Chicago Public Schools Engages with Parents and Community Stakeholders
Chicago Public Schools CEO Pedro Martinez has been in the role since September 2021. Martinez said things with CPS are feeling very strong and the school year started off very smoothly. The district ended the last school year very positively. While, the district continues to see significant need, with homeless students or more students with Individualized Education Program (IEP)s, the morale is very strong.
CPS recently hosted a series of five community engagement briefings on the State of the District. The goal of the briefings was to share with the community results from 2022-2023 school year. During those briefings it was shared that 87 percent of the schools made gains in reading, 73 percent made gains in math. The district also has the strongest academic gains for elementary schools it has had since 2016.
For high schools, there was a record graduation rate, as well as a record amount of scholarships --$2 billion – which Martinez said beat last year’s record of $1.5 billion. College enrollment and college persistence for 2022 was also very strong. The class of 2023 earned more than 125,000 college credits.
“Even with the gains, and we’re very proud that all of our student groups, gained including our Black students, our Latinx students, we still have significant gaps. Those gaps existed well before I came to this role, well before the pandemic,” Martinez said.
Chicago Public Schools wanted to start the conversation about its intentions, which includes working with the community to address longstanding opportunity gaps and other issues. Martinez believes that there are some foundational components and investments the district has made, and they are a good start.
Martinez grew up in Chicago and attended CPS in the 1970s and 1980s. Now to be in the role of CPS CEO, he acknowledges how the lack of investment in communities is reflected in those communities’ schools. He wants to build a better plan with the community, because he sees the potential throughout the district.
Martinez spoke about Percy L. Julian High School and George Henry Corliss High School. He said Julian is getting really strong and other schools in that area are starting to see real promise, especially once key investments are made. At Corliss, students are receiving their Associates Degree. He highlighted one student who received his license to fly drones and received an Associates Degree.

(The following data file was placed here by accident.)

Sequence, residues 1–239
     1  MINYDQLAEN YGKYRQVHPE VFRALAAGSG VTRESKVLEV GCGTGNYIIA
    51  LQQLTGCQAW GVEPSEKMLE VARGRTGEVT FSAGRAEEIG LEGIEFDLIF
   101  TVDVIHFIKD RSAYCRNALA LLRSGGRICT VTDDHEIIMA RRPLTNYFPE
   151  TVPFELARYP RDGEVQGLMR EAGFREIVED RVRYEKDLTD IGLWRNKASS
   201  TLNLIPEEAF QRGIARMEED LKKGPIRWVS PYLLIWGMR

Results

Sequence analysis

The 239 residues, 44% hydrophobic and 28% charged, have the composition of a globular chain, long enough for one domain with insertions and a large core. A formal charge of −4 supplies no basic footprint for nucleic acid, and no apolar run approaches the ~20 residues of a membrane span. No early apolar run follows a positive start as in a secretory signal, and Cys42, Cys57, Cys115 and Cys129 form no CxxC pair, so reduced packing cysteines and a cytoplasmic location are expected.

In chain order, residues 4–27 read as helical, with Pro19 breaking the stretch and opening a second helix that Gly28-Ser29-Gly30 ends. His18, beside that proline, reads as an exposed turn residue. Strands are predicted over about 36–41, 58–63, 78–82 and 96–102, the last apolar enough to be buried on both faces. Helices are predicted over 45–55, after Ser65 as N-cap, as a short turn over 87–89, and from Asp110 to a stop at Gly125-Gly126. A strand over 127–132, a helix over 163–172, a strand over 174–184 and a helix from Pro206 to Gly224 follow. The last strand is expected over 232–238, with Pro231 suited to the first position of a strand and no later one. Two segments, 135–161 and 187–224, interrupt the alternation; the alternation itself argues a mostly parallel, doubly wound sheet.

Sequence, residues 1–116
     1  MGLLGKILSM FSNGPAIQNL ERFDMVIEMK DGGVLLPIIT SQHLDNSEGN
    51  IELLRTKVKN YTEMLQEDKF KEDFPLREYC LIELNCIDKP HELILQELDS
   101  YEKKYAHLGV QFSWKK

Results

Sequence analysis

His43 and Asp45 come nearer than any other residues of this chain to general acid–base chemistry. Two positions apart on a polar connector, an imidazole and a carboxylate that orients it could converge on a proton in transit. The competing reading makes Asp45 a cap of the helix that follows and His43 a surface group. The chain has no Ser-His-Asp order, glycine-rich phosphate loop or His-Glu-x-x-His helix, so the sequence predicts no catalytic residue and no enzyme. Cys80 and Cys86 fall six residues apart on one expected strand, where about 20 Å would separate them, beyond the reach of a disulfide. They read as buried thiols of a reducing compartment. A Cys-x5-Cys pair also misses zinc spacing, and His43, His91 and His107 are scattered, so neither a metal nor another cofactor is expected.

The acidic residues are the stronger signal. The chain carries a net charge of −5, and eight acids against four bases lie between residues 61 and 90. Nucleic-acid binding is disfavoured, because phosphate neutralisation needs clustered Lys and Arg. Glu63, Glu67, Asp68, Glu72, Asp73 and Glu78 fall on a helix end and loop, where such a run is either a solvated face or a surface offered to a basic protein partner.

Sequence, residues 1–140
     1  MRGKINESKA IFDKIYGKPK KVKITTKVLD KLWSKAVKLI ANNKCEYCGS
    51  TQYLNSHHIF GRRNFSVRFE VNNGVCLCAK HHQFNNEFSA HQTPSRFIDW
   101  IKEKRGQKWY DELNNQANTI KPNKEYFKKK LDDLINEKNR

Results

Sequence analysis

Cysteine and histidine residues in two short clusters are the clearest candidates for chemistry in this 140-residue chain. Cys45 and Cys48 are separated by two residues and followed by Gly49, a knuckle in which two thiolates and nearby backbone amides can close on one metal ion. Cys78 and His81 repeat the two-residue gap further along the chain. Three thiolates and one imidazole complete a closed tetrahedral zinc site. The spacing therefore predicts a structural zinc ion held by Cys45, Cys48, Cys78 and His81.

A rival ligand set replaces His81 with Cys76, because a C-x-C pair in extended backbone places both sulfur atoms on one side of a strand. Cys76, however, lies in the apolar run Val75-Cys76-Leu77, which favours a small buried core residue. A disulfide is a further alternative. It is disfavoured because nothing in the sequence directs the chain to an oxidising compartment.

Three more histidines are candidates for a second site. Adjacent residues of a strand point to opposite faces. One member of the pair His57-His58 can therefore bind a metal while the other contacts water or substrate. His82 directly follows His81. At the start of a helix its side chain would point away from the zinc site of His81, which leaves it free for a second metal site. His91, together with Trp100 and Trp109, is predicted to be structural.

“We’re seeing a lot of promise across some of our schools, mostly on the South side and the West side, where we’ve seen the biggest growth. At the same time, we know we have some way to go,” he said.
Chicago Public Schools has increased opportunities for students to get college credit. Martinez said there has been an increase in the number of Black male students who are getting at least a semester of college credit. CPS has partnered with community colleges to provide teachers who can provide college credit. CPS also has a partnership, with Chicago State University and other colleges and as well community colleges, to offer college courses.
Martinez wants to be more aggressive. He wants the numbers of students who take college courses while they are CPS students to grow. In the Class of 2023, there were about 5,000 students who took at least one college course.
Martinez wants to have more conversations with parents and community stakeholders in January. He wants to inform the community with where CPS is academically, the successes and gaps, as well as where the district is with its current resources. The goal is for CPS to work with the community, with the unions and with the City of Chicago on a bold legislative agenda around protecting and increasing resources.
On Monday, Nov. 6th, the CPS Budget Office began hosting a series of community roundtable discussions. The first was at Sullivan High School, others took place at Clemente and Tilden. On Thursday, Nov. 16th, there will be a virtual meeting. The goal of those discussions is to inform parents and the community about current investments.
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